(more of his work on, meet him at the gallery Sunday Feb 10 2-3pm )
What to read when it is snowing: Dr Zhivago by Boris Pasternak; The Snow Child by Eowyn Ivey (who came to launch her best-selling book in Moffat last year); Snow Falling on Cedars by David Guterson; Miss Smilla's Feeling for Snow by Peter Hoeg;The Snowman by Raymond Briggs; The Overcoat by Nikolai Gogol - well, you get the idea. Stories set in the northern hemisphere or by eg Scandanavian, Russian, Scots, German, French, Alaskan, Mongolian, Chinese, Tibetan authors, have a high probability of a dramatic snow scene. Snow eliminates tracks, allows sledges drawn by horses or dogs. Shiver with Captain Oates and Napoleon's army in retreat; harken to The Call of the Wild (Jack London).

Tuesday, 5 February 2013

Lost kings

Richard III
Where will the remains of Richard III be buried? There is a strong case for him to be laid to rest in York minster, where, in 1482 he made plans for a chantry, a place where masses could be sung for his soul, unfulfilled at the time of his death at the battle of Bosworth in 1485. He was the last Plantagent king of England. The Plantagenet kings used common broom (known as "planta genista" in Latin) as an emblem and took their name from it. It was originally the emblem of Geoffrey of Anjou, father of Henry II of England.  Crosby Hall, the town house of Richard II was moved from its original site in the city of London to Chelsea when it was threatened with demolion in the 1920's. For many years it was part of an ugly modern building occupied by the British Association of University Women and is now incorporated in a modern pastiche of a Tudor mansion - including a great hall containing the coat of arms of Richard III see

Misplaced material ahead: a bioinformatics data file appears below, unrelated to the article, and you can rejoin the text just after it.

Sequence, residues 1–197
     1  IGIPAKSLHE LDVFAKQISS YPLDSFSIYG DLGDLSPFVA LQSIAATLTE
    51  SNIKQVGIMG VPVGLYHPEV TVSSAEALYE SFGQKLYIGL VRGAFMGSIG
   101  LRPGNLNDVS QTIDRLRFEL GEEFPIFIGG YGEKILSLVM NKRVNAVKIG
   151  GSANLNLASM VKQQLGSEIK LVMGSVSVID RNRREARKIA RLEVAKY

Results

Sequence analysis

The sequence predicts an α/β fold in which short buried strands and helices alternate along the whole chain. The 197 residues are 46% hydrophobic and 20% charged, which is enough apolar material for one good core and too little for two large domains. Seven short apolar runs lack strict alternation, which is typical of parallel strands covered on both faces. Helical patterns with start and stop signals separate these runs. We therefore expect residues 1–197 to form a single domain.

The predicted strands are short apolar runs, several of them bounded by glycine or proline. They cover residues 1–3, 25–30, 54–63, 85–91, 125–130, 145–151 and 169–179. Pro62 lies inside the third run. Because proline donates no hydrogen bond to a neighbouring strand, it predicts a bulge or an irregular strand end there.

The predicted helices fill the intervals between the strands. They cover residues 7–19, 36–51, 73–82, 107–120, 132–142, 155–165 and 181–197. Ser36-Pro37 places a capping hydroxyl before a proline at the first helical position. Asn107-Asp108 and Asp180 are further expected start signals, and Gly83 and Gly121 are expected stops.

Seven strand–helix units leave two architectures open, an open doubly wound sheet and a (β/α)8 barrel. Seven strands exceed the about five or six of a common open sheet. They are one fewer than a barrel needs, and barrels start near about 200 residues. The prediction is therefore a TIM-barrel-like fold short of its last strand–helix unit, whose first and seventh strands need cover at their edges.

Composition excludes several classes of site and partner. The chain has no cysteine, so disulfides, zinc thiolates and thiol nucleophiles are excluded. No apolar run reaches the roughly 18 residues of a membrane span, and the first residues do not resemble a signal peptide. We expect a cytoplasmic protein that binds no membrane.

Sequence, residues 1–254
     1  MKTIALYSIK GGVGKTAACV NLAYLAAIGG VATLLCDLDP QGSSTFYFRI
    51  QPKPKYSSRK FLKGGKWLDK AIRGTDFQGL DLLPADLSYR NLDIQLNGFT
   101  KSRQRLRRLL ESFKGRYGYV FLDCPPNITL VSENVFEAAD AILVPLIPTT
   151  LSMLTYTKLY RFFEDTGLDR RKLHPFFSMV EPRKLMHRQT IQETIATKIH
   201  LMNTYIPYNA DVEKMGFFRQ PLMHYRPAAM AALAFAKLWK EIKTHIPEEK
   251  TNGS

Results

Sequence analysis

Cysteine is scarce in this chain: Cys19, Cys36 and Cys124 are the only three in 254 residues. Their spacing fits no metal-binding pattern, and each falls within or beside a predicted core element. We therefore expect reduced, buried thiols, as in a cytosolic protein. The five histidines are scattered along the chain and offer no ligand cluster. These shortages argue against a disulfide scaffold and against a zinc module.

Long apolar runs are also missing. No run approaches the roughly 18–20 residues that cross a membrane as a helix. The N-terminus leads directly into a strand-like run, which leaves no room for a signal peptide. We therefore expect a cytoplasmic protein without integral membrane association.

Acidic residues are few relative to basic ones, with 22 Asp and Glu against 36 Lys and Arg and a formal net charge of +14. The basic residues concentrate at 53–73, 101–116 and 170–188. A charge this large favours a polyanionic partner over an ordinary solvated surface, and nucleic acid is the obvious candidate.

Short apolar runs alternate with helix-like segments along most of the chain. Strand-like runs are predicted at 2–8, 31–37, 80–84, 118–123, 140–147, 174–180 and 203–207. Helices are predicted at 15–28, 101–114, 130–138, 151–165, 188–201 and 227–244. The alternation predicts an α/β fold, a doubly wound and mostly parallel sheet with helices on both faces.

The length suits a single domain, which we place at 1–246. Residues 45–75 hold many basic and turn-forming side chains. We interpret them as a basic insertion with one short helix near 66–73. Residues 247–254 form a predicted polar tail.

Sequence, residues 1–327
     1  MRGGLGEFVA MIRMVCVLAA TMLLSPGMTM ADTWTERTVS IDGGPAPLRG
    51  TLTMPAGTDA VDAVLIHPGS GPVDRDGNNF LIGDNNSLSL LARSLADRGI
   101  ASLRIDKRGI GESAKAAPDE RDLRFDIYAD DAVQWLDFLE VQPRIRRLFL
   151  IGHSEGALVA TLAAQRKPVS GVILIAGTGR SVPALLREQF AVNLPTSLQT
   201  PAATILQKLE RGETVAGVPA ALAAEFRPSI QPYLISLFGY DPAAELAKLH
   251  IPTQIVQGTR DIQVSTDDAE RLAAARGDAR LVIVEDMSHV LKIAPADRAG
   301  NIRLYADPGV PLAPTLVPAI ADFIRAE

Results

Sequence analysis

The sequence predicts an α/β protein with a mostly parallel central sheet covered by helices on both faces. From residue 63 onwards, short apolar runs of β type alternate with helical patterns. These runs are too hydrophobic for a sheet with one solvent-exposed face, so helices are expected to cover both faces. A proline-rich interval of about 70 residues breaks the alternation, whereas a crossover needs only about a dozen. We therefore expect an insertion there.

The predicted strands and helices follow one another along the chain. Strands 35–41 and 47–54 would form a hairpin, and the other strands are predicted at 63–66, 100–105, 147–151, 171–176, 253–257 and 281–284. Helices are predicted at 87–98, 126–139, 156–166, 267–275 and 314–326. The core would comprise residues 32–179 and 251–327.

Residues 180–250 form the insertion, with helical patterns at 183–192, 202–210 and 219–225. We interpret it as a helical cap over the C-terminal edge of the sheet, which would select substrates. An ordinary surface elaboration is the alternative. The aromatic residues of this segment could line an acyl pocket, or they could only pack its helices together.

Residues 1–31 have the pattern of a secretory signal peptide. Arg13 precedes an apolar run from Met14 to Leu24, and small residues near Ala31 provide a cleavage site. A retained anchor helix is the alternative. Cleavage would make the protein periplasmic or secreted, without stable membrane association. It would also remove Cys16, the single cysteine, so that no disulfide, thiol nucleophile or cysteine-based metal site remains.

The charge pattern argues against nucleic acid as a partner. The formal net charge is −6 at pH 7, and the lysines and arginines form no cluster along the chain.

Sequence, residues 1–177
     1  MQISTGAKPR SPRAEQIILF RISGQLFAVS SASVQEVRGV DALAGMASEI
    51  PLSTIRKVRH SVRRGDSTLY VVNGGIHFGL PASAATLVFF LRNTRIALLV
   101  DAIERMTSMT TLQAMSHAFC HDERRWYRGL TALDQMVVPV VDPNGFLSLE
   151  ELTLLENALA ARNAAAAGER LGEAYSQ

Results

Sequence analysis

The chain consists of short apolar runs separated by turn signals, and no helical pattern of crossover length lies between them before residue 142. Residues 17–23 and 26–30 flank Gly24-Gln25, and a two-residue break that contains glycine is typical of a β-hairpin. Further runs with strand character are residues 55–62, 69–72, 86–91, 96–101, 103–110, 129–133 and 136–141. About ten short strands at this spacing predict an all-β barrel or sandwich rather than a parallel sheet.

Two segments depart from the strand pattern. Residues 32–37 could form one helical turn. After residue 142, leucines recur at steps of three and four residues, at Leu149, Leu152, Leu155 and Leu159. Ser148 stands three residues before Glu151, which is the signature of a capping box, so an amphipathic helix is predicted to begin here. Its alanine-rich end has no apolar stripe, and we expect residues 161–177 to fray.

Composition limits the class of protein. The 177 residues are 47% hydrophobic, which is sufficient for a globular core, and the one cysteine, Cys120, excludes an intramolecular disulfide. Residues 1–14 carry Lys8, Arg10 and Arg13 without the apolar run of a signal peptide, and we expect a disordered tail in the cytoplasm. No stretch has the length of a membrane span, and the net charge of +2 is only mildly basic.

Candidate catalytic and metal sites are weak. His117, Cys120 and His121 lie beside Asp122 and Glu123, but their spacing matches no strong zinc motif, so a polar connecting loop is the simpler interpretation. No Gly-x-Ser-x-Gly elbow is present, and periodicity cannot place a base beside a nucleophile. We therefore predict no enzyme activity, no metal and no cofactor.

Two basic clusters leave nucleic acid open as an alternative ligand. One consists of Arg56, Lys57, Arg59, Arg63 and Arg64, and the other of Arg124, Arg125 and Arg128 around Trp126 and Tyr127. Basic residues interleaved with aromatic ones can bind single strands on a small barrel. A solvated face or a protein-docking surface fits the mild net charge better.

Another 'lost king' is Tsar Alexander I, elder brother of the grand duke who visited Moffat on Dec 28 1816. It is now widely believed that, far from dying from typhus in 1825, he slipped away to live a quiet life as a monk in Siberia, assisted by his Scottish doctor who connived in a false death certificate.

Saturday, 2 February 2013

Reading Clinic

Happy Birthday, James Joyce b. Feb 2 1882